[1]  It’s outside the scope of this article to articulate and deal with all the problems of The King James Only Movement.  Suffice to say, the problems are immense and deep as I found out as I researched this article. For a good overview I would refer the reader to the Wikipedia article (click here) on the movement – which contains links should the reader wish to take a “deeper dive” into the controversy.  Dr. Daniel Wallace’s article, “Why I Do Not Think the King James Bible Is the Best Translation Available Today” is also an excellent primer as is the GotQuestions? article on the subject, “What is the KJV Only movement?”

For those looking for even greater depth, I would recommend the following books:
John Ankerberg; John Weldon, “Facts on King James Only Debate”
Short (54-pages), concise, and direct – an excellent primer.

Robert C. Newman; Douglas S. Chinn, “Demystifying the Controversy over the Textus Receptus & the King James Version” Even shorter (33-pages) but a bit technical. A good next step after Ankerberg and Weldon since it assumes some degree of prior knowledge on the subject.

D. A. Carson, “King James Version Debate, The: A Plea for Realism”
Written in 1978, this was the watershed critique of KJV Onlyism. All other works listed here cite extensive from this book.

James R. White, “The King James Only Controversy: Can You Trust Modern Translations?”
This is a nearly exhaustive treatise on the subject for layman. It’s now considered the definitive critique of KJV Onlyism – even D.A. Carson recommends this book now.

Finally, I would refer the reader to the Preface of the 1611 edition of the King James Version – go directly to the source. 
(click here for text, here for photographs, and here for a good summation by a seminarian).
In the 1611 KJV preface the translators explicitly state that they don’t consider their translation perfect, just an incremental improvement over past translations. They also state that a translation can never be infallible since it’s not exactly like the original manuscripts. They even state that they fully expect better translations to follow theirs since this had been the pattern in English Bible translation since the Reformation. In other words, the KJV translators considered their work to merely be a link in a long chain of good translations, not the final end-all, be-all translation that the KJV Only Movement claims that it is.

[2] As Michael J. Kruger of The Gospel Coalition notes:

“Historically, Christian affirmations of biblical authority are often expressly restricted to the “autographs.” And there are obvious reasons for this view. Biblical authority does not apply to whatever a later scribe might happen to write down—it applies to what the biblical authors actually wrote.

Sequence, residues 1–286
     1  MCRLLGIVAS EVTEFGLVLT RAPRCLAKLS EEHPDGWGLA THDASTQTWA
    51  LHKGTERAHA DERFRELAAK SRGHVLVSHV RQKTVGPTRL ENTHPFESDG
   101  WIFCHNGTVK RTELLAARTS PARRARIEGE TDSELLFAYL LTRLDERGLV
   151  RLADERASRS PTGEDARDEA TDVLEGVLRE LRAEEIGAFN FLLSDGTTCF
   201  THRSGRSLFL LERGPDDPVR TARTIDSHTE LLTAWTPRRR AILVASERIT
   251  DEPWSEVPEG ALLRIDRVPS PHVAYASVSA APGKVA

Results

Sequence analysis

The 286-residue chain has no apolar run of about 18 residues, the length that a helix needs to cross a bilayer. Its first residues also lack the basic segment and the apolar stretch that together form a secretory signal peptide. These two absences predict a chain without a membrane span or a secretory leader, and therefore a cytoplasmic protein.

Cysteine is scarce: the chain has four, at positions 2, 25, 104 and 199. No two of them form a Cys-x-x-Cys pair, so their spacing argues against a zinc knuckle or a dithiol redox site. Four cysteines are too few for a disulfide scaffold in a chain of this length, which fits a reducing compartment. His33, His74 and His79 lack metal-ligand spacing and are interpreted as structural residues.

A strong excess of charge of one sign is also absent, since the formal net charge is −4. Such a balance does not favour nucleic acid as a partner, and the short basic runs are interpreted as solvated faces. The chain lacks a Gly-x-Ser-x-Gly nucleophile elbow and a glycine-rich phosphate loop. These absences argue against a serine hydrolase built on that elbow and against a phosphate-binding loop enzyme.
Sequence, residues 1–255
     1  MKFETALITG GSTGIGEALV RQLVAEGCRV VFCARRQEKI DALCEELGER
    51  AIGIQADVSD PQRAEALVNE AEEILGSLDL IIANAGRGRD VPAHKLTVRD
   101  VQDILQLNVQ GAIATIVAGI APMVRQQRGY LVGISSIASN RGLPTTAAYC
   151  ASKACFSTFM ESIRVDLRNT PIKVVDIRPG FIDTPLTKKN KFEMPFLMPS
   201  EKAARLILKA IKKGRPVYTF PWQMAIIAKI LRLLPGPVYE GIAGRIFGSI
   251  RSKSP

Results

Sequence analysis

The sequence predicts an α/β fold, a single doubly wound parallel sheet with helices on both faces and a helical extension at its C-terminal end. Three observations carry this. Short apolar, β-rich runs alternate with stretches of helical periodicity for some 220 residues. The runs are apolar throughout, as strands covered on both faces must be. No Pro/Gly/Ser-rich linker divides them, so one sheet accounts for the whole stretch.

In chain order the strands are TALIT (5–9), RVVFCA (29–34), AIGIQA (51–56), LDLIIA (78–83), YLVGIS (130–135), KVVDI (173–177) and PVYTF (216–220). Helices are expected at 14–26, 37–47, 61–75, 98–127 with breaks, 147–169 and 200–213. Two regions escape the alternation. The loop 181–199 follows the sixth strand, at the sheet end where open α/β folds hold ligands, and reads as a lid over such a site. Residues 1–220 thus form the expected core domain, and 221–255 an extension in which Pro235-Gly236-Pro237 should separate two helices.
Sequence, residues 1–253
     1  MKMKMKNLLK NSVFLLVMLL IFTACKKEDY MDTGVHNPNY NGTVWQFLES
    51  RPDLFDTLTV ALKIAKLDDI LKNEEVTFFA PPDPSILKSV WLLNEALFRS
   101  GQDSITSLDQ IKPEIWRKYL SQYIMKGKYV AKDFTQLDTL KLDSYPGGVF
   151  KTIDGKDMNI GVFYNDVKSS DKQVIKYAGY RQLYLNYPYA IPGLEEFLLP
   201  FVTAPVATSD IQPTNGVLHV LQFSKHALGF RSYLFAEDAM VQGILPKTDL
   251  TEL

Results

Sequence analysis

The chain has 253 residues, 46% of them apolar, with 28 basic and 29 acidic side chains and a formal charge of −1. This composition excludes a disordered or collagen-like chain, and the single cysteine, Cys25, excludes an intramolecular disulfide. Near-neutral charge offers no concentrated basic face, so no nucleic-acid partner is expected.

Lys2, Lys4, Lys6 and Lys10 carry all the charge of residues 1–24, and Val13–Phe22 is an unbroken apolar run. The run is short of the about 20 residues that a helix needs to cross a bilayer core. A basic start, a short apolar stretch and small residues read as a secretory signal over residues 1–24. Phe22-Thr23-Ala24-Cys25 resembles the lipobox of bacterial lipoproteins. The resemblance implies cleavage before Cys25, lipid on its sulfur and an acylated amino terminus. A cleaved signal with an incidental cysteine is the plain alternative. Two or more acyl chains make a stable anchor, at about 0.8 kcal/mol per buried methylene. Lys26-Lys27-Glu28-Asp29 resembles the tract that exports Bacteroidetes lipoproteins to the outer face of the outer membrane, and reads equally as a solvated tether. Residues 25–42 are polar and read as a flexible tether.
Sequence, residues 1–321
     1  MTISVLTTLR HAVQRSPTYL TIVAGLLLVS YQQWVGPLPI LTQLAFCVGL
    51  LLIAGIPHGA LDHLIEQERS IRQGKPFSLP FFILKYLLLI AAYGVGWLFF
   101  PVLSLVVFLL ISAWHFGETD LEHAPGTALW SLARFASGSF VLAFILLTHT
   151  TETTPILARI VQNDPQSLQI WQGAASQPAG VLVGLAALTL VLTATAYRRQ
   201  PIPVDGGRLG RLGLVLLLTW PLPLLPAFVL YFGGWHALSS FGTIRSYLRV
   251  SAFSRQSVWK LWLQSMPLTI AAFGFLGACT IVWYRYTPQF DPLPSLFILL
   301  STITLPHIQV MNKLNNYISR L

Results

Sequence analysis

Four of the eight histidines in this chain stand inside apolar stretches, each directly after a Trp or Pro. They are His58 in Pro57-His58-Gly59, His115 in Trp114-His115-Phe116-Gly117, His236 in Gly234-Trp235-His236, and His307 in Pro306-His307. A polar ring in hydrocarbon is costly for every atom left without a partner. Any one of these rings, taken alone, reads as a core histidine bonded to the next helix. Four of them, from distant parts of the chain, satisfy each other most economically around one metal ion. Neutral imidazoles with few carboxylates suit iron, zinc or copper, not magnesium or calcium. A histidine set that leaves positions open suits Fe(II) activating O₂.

But does the lack of autographs mean such affirmations of biblical authority are meaningless? No, because the authority does not reside in a physical object, but in the original text. And the original text has been preserved in another way, namely through the multiplicity of manuscripts.”
(Michael J. Kruger, “The Difference Between Original Autographs and Original Text”)

Also see: Mark D. Roberts, “Can We Know What the Original Gospel Manuscripts Really Said?”

[3] Fred W. Anson, Weak Arguments #4: “The Bible says that my sectarian, partisan, non-essential doctrine is the only true truth!”

[4] Robert C. Newman; Douglas S. Chinn  (2012-07-20). Demystifying the Controversy over the Textus Receptus & the King James Version (IBRI Research Reports) (Kindle Locations 441-490). Interdisciplinary Biblical Research Institute. Kindle Edition.

[5] The Pearl of Great Price, The Articles of Faith 1:8

[6] Robert N. Hullinger, “Mormon Answer to Skepticism: Why Joseph Smith Wrote the Book of Mormon”, Clayton Publishing House, 1980, p. 150

[7] Royal Skousen is the leading expert on on the extant Book of Mormon manuscripts. In regard to Mr. Skousen’s work on the text variants between the original BoM manuscripts and the published 1830 Book of Mormon, the fly leaf of his book, “The Book of Mormon: The Earliest Text” summarizes nicely:

Over the past twenty-one years, editor Royal Skousen has pored over Joseph Smith’s original manuscripts and identified more than 2,000 textual errors in the 1830 edition. Although most of these discrepancies stem from inadvertent errors in copying and typesetting the text, the Yale edition contains about 600 corrections that have never appeared in any standard edition of the Book of Mormon, and about 250 of them affect the text’s meaning.